Food banks are essential in supporting some of the most vulnerable in our society. As more people are made redundant from work, and indeed as less people are able to volunteer, the pressures on food banks will mount.
There are two main ways in which we can help food banks:
Volunteer to help.
Particularly now, as self-isolation levels rise, it is important that people are able to take the place of and/or assist current volunteers.
This is only advisable should you be fit and healthy, and thus is even more applicable to the likes of myself and other University students. After all, we may have a great deal of spare time over the next 3 months. Of course, follow the NHS and Public Health England guidelines on such matters before anything else.
- To volunteer at the Trussell Trust you can sign up here.
You can also donate — money or food.
It would be worth calling your local foodbank to ask what they are particularly in need of should you be thinking of donating food.
Should you wish to make any other financial donations, the Red Cross amongst many other excellent charities are greatly assisting the effort against COVID-19.
4. Donate blood
Certainly, in the US, there has been shortages of blood reserves due to difficulties with blood transport in the midst of COVID-19 fears.
Blood transfusions aren’t generally required for patients with COVID-19, but rather blood transfusions are primarily used to treat blood-based medical conditions such as anaemia and cancer but are also used in surgery/trauma medicine and to treat blood loss following childbirth. Shortages therefore do create issues, and so despite these unprecedented challenges it is important that we still try to contribute to this essential cause.
- For further information on how to donate blood, please see here.
5. Support local business
For reasons of social distancing and thus lack of custom, many businesses, particularly small, locally ran businesses are currently in the process of temporarily closing in the UK.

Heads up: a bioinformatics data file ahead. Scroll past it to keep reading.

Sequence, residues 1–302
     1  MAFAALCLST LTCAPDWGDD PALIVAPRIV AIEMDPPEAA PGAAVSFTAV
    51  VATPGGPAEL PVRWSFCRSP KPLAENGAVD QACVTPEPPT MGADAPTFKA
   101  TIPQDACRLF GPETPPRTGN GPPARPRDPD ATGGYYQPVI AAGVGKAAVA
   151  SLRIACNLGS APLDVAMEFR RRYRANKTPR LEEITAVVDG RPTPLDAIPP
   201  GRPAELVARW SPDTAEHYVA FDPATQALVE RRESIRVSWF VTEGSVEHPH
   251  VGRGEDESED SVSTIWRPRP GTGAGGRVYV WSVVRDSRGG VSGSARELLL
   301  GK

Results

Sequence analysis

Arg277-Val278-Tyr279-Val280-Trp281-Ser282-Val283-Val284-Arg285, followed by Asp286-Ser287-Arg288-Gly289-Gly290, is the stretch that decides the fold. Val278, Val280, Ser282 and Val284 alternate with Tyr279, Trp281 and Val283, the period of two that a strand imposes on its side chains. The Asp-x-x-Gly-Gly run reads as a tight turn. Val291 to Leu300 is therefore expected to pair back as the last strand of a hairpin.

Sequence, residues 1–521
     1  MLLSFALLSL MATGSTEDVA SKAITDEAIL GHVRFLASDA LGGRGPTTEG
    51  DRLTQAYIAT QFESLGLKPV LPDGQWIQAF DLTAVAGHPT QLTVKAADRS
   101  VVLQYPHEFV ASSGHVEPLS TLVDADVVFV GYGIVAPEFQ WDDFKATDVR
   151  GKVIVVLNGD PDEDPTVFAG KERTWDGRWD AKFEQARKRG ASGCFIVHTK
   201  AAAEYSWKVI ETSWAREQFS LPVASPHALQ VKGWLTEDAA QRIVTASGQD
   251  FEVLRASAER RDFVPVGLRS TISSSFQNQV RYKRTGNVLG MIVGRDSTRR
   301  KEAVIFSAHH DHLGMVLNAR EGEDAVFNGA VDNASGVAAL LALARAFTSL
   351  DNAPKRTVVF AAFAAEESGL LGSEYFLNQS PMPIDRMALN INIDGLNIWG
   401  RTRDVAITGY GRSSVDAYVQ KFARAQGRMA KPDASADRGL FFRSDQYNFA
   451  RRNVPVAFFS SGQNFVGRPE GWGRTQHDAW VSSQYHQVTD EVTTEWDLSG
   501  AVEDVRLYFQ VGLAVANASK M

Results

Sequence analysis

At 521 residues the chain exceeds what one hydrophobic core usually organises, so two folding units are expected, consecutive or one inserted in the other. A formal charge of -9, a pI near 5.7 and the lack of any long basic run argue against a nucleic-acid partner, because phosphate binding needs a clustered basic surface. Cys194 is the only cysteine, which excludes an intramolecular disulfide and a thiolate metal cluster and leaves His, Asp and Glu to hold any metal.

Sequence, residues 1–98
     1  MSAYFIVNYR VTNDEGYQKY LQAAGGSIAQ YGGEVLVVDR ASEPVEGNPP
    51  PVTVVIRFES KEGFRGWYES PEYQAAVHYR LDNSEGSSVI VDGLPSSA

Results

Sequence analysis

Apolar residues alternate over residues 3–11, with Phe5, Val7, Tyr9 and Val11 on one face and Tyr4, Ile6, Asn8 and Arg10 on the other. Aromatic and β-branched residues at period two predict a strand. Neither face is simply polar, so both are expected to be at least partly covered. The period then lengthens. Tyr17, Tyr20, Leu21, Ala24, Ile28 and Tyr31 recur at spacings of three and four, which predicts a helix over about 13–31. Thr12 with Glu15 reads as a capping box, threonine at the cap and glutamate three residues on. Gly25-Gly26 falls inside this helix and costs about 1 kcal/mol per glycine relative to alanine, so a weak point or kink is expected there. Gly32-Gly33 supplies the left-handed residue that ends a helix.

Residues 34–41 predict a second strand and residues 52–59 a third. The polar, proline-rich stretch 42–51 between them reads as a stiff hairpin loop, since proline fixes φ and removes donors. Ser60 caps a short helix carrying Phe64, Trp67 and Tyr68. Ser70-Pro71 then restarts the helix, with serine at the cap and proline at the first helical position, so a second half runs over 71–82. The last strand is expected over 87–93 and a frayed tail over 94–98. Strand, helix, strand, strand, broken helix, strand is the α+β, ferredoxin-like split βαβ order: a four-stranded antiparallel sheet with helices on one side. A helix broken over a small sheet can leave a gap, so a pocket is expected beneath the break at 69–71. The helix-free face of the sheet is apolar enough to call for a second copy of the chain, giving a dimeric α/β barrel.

Others, however, have opted (until / if stricter measures are introduced) to stay open but with limited access. Any small custom (e.g purchasing a takeaway coffee) is supportive to both the small business and our economy on the whole in these financially difficult times. With 16.6 million people in the UK employed by small businesses, such support is essential for the livelihood of many.
While it could be argued said support is not in line with social distancing measures, I believe if we are sensible and vigilant then the net effect is positive. Of course, this could change if stricter lockdown measures are introduced.
Undoubtedly, COVID-19 is a huge problem, and it’s likely to get worse before it gets better, but it is one in which we must come together to tackle. On top of the pre-discussed pointers it is important to enact measures such as social distancing and proper hygiene should we wish to quickly and efficiently beat this outbreak.
Do also remember that the immune system is likely to be stronger when we are eating healthily, exercising regularly and have low stress levels. So, keep moral high, support your local communities and peers, and look after yourself.
Indeed, it is our unity as a support network for one another, alongside proper social distancing and hygiene measures, which will allow us to beat this pandemic.